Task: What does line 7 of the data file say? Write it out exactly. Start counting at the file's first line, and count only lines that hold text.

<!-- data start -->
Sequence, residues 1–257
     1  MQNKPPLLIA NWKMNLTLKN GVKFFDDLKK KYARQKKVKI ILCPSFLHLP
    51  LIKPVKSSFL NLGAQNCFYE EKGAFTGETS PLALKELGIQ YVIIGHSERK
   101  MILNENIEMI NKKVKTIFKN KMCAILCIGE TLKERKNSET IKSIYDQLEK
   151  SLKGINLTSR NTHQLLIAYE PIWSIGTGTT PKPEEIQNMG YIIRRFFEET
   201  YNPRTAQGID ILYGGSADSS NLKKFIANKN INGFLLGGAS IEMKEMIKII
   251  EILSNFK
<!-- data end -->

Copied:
   251  EILSNFK